Guild Wars 2: Elite Specialization Guide

A quick rundown explaining what the new elite specializations are in Guild Wars 2, what they're good at, and when and how you should use them.

A quick rundown explaining what the new elite specializations are in Guild Wars 2, what they're good at, and when and how you should use them.
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Guild Wars 2‘s first expansion, Heart of Thorns, is finally here, and every class now has access to a more advanced elite specialization that adds a new weapon, changes or adds on to the existing class mechanic, and grants access to a new set of skills. Not all of these are created equal, however, so here’s a quick rundown of what each elite specialization has to offer so you can figure out where to spend your time and energy.

Tempest (Elementalist)

Weapon: Warhorn

Mechanic: Overload

Skills: Shouts

The new elementalist Elite Spec adds the Warhorn to their arsenal, gives them access to shouts, and adds the Overload mechanic, which allows elementalists to re-cast their attunement for an extra-powerful effect that increases the recharge of the attunement after swapping. 

The Tempest is in an interesting spot – it’s definitely not a straight upgrade or a no-brainer like some of the other elite specializations, in no small part because it’s hard to justify swapping out another elementalist trait line. That being said, the Tempest is an interesting choice because it radically changes the way the elementalist is played – the Overload mechanic runs counter to the fast-paced, rapid attunement swapping that is popular with most elementalist specs. Playing the Tempest well relies less on APM and more on good decision making.

It’s not notably more powerful than the base elementalist, but the Tempest offers strong AoE, some very good group support in the form of speed boosts, fields, and heals, and some impressive burst damage. You’re most likely to get use out of the Tempest in sPvP and open world play.

Scrapper (Engineer)

Weapon: Hammer

Mechanic: Gyros

Skills: Gyros 

The Scrapper doesn’t really revolutionize the engineer, but it does offer some pretty interesting options to the class. The Gyros have a lot of potential, especially the Function Gyro, and the hammer is the engineer’s only melee option (if you don’t count the tool kit).

Running with the hammer gives you even more defensive options on top of the great ones the engineer already has, including a block and projectile deflection, and has potential synergy with a lot of different kits, especially the flamethrower. The Gyros also offer some totally unique options, like stealth and the ability to res or stomp someone at range, but they currently suffer from the same AI issues as ranger pets and necro minions.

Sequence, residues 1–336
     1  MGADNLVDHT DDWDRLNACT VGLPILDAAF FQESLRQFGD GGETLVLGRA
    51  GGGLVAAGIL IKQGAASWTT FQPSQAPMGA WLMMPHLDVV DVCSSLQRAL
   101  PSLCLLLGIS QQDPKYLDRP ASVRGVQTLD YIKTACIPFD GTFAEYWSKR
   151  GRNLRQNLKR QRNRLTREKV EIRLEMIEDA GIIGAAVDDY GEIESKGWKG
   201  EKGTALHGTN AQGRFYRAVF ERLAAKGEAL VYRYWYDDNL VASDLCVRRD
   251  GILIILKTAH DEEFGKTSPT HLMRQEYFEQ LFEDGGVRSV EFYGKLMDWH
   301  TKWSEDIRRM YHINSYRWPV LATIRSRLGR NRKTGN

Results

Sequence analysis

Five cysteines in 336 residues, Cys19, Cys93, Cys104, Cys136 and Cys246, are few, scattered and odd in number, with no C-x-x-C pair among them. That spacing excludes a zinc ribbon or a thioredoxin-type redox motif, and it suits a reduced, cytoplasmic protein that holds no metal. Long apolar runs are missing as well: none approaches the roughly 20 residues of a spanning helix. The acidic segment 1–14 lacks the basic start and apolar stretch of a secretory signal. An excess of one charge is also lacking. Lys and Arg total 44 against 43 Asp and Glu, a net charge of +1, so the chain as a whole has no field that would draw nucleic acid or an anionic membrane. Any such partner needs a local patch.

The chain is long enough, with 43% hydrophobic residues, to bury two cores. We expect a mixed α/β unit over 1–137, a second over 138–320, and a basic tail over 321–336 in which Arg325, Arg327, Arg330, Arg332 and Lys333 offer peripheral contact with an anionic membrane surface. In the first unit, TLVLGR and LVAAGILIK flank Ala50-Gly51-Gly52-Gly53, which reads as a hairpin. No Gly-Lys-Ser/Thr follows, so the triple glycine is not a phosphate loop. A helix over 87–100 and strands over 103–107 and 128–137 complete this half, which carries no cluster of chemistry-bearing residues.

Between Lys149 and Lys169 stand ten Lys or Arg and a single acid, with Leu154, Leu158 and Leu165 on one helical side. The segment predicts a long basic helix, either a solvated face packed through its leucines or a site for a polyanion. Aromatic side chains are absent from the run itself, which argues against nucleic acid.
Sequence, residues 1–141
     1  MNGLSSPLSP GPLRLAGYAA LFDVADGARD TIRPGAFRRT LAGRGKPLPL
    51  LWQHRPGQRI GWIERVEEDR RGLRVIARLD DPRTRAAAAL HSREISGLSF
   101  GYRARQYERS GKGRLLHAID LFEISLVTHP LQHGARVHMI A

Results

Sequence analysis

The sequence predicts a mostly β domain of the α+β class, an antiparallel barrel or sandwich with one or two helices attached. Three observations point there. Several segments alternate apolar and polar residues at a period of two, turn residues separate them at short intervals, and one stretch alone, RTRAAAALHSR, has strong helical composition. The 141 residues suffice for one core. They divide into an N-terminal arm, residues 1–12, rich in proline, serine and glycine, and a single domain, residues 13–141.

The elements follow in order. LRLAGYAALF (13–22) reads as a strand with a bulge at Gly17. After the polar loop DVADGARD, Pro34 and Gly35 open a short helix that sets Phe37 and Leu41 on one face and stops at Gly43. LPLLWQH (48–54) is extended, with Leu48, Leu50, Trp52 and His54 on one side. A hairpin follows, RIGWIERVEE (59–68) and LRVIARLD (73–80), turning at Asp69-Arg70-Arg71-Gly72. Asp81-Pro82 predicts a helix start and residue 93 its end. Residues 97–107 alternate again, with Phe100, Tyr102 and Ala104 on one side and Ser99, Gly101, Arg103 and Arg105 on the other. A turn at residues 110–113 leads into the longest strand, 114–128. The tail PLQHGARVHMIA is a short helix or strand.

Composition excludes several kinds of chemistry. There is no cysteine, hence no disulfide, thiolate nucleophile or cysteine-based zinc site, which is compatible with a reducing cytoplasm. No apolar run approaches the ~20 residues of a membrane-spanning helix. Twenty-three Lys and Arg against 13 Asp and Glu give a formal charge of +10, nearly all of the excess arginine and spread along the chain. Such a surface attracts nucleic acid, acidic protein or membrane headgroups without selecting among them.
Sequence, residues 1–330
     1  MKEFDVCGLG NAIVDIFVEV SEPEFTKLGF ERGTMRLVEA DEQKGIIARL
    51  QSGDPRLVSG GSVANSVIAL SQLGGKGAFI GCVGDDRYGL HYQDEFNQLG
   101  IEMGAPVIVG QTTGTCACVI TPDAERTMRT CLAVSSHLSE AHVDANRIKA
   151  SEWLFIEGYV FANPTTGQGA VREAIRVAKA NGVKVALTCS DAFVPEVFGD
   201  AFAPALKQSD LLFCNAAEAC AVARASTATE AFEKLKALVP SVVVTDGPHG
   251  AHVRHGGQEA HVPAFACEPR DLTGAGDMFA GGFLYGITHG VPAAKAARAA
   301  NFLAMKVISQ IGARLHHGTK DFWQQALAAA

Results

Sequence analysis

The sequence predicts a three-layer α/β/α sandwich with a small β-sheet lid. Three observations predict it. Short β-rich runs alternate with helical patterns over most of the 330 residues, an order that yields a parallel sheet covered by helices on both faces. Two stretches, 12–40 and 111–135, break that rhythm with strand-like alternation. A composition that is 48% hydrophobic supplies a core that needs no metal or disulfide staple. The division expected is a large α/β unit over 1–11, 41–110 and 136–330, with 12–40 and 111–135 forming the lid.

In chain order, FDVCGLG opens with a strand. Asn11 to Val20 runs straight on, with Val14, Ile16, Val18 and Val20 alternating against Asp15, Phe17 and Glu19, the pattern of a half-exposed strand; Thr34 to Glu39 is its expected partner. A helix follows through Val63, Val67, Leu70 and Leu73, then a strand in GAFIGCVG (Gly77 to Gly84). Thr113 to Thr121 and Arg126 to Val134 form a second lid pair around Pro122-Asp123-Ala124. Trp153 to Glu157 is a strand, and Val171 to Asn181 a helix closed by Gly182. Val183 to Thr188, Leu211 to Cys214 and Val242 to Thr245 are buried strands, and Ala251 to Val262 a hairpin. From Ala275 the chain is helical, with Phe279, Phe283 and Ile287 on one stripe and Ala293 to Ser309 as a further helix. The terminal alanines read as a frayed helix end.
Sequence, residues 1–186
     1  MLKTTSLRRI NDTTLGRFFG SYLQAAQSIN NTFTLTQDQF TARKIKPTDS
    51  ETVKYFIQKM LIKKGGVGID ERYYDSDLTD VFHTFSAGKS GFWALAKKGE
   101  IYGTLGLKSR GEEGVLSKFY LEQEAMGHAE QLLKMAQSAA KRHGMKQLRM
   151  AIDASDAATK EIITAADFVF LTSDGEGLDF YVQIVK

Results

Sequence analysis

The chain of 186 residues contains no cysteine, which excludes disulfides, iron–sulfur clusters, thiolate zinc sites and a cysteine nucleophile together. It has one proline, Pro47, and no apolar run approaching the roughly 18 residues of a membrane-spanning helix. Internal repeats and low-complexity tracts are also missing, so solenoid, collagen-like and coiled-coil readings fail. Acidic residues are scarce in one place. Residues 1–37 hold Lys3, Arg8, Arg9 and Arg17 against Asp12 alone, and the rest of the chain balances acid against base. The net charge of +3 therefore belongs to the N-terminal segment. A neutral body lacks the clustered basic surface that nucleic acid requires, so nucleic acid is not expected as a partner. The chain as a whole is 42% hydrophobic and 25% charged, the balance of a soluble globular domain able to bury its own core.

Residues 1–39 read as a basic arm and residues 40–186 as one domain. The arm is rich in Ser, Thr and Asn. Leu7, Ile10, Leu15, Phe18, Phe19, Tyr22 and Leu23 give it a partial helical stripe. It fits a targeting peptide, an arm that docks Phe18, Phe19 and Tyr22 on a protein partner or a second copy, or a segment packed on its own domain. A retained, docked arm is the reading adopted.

The Scrapper specialization probably has the most application in WvW and sPvP right now, but people are still experimenting with builds and it may very well see some use in PvE as well, especially with improvements to the Gyros.

Dragon Hunter (Guardian)

Weapon: Bow

Mechanic: Alternative Virtues

Skills: Traps 

The guardian’s elite specialization has received a lot of bad press, and not just because of the awkward name, but at the time of Heart of Thorn’s release, it’s in a pretty good place. It adds a very useful ranged option to the guardian’s arsenal and provides some interesting utility.

That being said, it doesn’t really do anything that the guardian doesn’t already do, and the Dragon Hunter doesn’t really play well with the guardian’s other abilities. The traps, while good, don’t mesh well with a ranged playstyle and can be hard to activate, and the new Virtues, while strong, are not necessarily better than the base version.

 In PvE, the Dragon Hunter can actually deal out some impressive damage, and trap guardians have proven to be competitive in sPvP, but the new elite specialization doesn’t outshine the base guardian in any particular area. This is probably a good thing, since players that want a better ranged option and a different style of play can choose the Dragon Hunter and fans of the original guardian won’t feel compelled to switch.

Chronomancer (Mesmer)

Weapon: Shield

Mechanic: Continuum Shift/Split

Skills: Wells

Even though they only received an offhand weapon, the mesmer actually got a lot of cool new toys with the Chronomancer. The Chronomancer has some of the best tools for inflicting slow and granting quickness and can provide a new effect, Alacrity, that lowers cooldowns, giving an already utility-heavy class even more options.

Switching over to the Chronomancer is kind of a no-brainer for most PvE mesmers, even though it can difficult to figure out which trait line to cut, mainly because of the ability to re-cast abilities with Continuum Split. Clever use of this ability can allow the Mesmer to give their group huge quickness and alacrity uptime and let them inflict almost perma-slow on foes. The utility of Continuum Shift is incredible, and there are no doubt plenty of combos yet to be discovered.